Brooks told the court that "in her experience, serving police officers rarely ask for money". Edis asked: "Can you think of a situation where you have sanctioned paying a police officer?" The defendant said she could not think of an example. The court was shown another email which, Edis suggested, "could be read as a police officer asking for £500". That's one reading of it, Brooks said, but added that knowing the journalist concerned she did not think so. "Crime correspondents have contacts, sometimes information exchange is the currency," she said. Edis asked about the last line of the email: "I'm not sure about putting this on email where there is a permanent record."
Brooks said her reading was that the journalist may have been "annoyed a payment had been rejected" but she did not remember receiving the message. "There is only one way of reading this," Edis said. "The journalist wants to pay a police officer £500, which is illegal, and he his annoyed about putting that on email." Brooks replied again that knowing the journalist concerned she did not agree.
The court then took a short break.
When the jury returned, Judge Saunders told the jury that court would not be sitting tomorrow due to a legal commitment.
The next email shown to the court was from a journalist, who we cannot name for legal reasons, quoting a "prison source". Brooks said she could not tell from the email who the source was. "Did you ask?" Edis enquired. "I may have done," Brooks replied. Edis suggested that if the source was paid the paper would have to know who was receiving the money. "There would be financial records," the defendant agreed. "The source was then known within the paper," Edis suggested. The next email to Brooks shown to court was from a journalist asking for a payment of £1,000 to be made to a "serving police officer". The defendant said she did not particularly remember the story but there was "no suggestion the information was gained by the police officer in the course of his duties".
"That's wishful thinking," Edis suggested. Brooks responded that she may not have even got the email concerned. Was paying police officers so common it "was not even memorable"? Edis asked. Brooks said she simply could not recall the situation but the reporter concerned was very experienced.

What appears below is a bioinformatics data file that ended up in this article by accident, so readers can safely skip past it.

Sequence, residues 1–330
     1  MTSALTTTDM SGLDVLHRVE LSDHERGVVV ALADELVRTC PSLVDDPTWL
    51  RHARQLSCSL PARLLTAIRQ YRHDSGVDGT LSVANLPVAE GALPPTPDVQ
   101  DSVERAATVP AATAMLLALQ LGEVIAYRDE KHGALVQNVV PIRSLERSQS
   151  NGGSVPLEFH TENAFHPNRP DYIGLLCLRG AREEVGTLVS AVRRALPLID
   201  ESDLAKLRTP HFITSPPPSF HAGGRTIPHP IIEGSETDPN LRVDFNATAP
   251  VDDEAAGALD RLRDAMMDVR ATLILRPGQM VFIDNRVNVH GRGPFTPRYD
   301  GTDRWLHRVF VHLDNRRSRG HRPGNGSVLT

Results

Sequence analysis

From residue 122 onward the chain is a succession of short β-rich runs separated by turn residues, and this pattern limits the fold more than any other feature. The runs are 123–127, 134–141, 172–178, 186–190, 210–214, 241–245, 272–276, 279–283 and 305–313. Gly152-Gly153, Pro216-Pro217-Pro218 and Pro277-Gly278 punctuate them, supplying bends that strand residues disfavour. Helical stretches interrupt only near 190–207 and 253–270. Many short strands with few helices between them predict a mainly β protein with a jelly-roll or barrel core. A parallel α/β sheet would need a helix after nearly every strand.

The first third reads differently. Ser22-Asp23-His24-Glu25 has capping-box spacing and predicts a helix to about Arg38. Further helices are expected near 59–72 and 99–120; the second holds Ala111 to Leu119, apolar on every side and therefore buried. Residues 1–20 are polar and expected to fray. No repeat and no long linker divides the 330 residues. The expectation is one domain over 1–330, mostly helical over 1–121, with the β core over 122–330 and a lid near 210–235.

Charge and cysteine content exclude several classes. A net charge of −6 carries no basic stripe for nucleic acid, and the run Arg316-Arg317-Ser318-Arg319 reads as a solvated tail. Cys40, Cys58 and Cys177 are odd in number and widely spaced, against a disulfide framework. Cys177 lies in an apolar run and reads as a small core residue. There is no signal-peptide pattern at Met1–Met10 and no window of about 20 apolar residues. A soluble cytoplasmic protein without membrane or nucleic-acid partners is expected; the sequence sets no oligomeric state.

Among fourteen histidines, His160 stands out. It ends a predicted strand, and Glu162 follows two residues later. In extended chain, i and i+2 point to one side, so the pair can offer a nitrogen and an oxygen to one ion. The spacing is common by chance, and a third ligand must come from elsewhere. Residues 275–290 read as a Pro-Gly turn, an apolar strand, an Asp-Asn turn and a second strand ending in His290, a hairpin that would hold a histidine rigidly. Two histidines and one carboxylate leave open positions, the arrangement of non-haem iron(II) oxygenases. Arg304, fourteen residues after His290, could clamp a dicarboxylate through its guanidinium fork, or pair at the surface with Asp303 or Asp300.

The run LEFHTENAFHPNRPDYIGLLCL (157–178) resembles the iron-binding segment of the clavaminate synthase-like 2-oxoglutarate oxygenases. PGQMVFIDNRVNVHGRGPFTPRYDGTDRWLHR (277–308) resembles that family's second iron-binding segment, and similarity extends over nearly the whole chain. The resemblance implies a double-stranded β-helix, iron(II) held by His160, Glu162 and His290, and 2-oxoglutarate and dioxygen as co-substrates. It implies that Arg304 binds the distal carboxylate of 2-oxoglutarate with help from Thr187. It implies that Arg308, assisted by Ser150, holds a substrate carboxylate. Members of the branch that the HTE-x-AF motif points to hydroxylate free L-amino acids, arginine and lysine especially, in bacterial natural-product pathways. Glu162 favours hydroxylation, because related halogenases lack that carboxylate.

Judge Saunders intervened at this point and asked what difference experience made in this situation. Brooks replied she meant the journalist "would have known the rules".
"Did you not consider with some care where the stories were coming from?" Saunders asked. "I know they know the rules, I was not policing him," she responded. The prosecution QC asked the witness what she meant by the word "policing" in this context. "It's probably the wrong term to use in this sort of case," Brooks replied. "I meant that the newsroom doesn't work without trust." Edis put it to the witness that she was the editor, "not just a rubber stamp", and said if Brooks was correct her role in overseeing cash payments "was just a smokescreen, it doesn't mean anything". Edis suggested that the reason Brooks could approve payments so quickly was because "you already knew who the source was". The defendant denied that and said she was unaware the source for the Sun's military stories was a public official. "I was not looking for criminality," Brooks told the court, adding: "I have paid public officials, if he had come to me I would have paid for these stories." Edis suggested that to find out the name of the source Brooks "would just have to pick up the phone and ask the finance department".
Judge Saunders asked the witness if this email "did not ring any alarm bells". Brooks replied that it did not.
Court then rose until Monday
All of the defendants deny all of the charges, the trial continues.